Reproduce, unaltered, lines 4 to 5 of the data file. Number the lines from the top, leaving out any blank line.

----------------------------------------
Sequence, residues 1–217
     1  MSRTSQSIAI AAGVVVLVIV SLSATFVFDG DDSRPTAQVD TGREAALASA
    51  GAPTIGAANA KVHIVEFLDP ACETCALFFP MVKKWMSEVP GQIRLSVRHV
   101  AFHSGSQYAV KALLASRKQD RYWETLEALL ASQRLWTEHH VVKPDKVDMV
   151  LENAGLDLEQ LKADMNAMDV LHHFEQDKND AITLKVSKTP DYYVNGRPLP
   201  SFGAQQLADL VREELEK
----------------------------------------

   101  AFHSGSQYAV KALLASRKQD RYWETLEALL ASQRLWTEHH VVKPDKVDMV
   151  LENAGLDLEQ LKADMNAMDV LHHFEQDKND AITLKVSKTP DYYVNGRPLP